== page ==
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Convertible Cars.

12th December 1907
Page 3
Page 3, 12th December 1907 — Convertible Cars.
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A New Four-combination Body by Commercial Cars, Limited.

The value of the convertible body has often been insisted upon by us in our columns:we are glad, therefore, to be able to record another effort that has been made to supply a body which, unlike those of the usual combination type, is capable of being arranged in four different ways. The body, for which Commercial Cars, Limited, in our issue of last week, made an offer of a prize of one guinea for the best name, would be of special utility to a garage owner, as it can be used (a) as a lorry body with an ordinary flat tailboard at the back, (b) as a tilt van body, (c) as an open wagonette, fitted with spring, longitudinal scats, and a detachable canopy, (d) or with an omnibus top, making a private vehicle suitable for the carrying of passengers inside and luggage on the roof. The effect of the last-named eombination is shown in the photograph which we reproduce on this page, and the whole forms, as will be noted, an excellent vehicle for hotel-bus work. The closed-in portion of the bus is comfortable and draught proof, and there is a special seat in front, in addition to the driver's seat, where those who like fresh air may sit.

Last week, we had the pleasure of accompanying Mr. Julian A. Halford, the Managing Director of Commercial Cars, Limited, on a run to Bournemouth, in this vehicle. The chassis is of the new H.C., 2-ton to 2:1-ton, 24-26h.p., 4-cylinder type, fitted with the company's patent 3-speed gear box and buffer drive. The engine, which is extremely flexible, answered remarkably well to the movements of the throttle lever, and the top gear was that which was used practically during the entire trip. Leaving Kingsway about TO o'clock, we were unfortunate enough to have to run through one of London's own particular fogs, which was not finally left behind till some 3o miles of the road had been covered. In the traffic in London, this, naturally, cut down the speed very considerably, an average of some 6 or 7 miles an hour only being possible. After luncheon, at Farnham, we were able to accomplish some 35 miles before nightfall, and the remainder of the Ito miles journey was completed in the dark, which again reduced speed to a great extent, and was responsible for a detour rendered necessary through the taking of a wrong turning at one point on the road. The detour caused some delay and added half a dozen miles to the total distance run. The bus, which easily attained a speed of some 23 miles an hour on the level, succeeded throughout the entire journey, and in face of the difficulties enumerated, in maintaining an average speed of 14 miles per hour.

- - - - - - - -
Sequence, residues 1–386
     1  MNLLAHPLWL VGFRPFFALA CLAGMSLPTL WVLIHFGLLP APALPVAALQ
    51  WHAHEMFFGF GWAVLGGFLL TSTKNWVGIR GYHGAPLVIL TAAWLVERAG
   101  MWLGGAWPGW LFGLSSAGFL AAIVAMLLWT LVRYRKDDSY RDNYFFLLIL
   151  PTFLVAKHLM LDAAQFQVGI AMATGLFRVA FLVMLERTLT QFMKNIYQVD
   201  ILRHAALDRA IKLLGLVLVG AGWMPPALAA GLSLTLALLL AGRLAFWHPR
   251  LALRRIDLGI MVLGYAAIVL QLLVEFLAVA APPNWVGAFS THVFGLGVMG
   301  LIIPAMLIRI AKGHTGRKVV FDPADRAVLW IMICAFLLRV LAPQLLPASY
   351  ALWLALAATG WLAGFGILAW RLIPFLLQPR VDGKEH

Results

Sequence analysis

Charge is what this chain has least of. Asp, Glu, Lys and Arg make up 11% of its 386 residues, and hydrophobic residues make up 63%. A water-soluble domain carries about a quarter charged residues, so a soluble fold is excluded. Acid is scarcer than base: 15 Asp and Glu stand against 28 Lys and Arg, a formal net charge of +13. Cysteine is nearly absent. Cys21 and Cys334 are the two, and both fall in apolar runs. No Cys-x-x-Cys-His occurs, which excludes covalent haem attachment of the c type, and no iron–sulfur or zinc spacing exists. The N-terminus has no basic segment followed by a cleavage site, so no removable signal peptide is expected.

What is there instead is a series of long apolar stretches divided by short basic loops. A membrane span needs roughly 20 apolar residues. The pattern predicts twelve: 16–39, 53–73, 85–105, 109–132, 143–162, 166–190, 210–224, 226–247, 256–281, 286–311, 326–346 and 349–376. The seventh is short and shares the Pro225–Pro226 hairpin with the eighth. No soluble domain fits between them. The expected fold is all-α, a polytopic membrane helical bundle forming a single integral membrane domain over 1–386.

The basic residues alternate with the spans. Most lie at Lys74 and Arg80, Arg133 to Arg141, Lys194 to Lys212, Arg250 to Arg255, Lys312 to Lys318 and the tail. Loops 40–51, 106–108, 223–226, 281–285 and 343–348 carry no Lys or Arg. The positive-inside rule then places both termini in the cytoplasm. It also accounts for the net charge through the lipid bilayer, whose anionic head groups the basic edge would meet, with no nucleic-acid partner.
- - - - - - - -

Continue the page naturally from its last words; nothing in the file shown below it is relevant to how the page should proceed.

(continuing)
An extremely interesting incident on the route was the experiment suggested by some remarks made by us upon the value of the quick delivery of spare parts in case of accident. Mr. Halford, who was extremely optimistic with regard to the speed at which he-could supply any desired parts from stock, made an instant offer to obtain for us any part of the chassis we cared to mention, and promised that it should be at our destination (Bournemouth) next day. Nothing loth to permit him to prove his contention, we sent a wire from Winchester to the works at Luton asking for a pair of Cylinders. This wire, dispatched at 4.10 p.m., arrived at the works at 5 o'clock, and at 5.45 p.m. a telegram was dispatched to Mr. Halford at Bournemouth, which we duly received on arrival, stating that the cylinders would be at Bournemouth Central Station at 11.45 p.m., where they were called for by the bus. This, as will be realised by our readers, was an extremely smart piece of work; the cylinders had to be packed in a case, sent from Luton to St. Pancras, carried across to Waterloo, and then sent down to Bourne. mouth by passenger train. Mr. Halford's pride in the experiment, we feel, was perfectly justified, as, in about two hours' time after arrival, the cylinders could have been fitted tor-the vehicle, all parts being made to special jigs and limit gauges.

Commercial Cars, Limited, although it has not been for any great length of time in the commercial motor world, has certainly, up to the present, proved itself an extremely enterprising firm, and Mr. Halford has adopted several methods of proving the reliability of the parts of the three types of chassis which are turned out by the company, viz., the 3o-36h.p., 24-26h.p., and the r6-i8h.p. It will be remembered that this journal has sealed up a number of the gear boxes fitted to chassis which are now running on demonstration work and in actual service. A particular point in favour of the company is that it manufactures commercial vehicles only, at reasonable prices, and with prompt delivery. From our recent experience on, and inspection of, this type of chassis, we are convinced that the manufactures of this Luton company have distinct points of interest for commercial motor users.


Locations: Winchester, London

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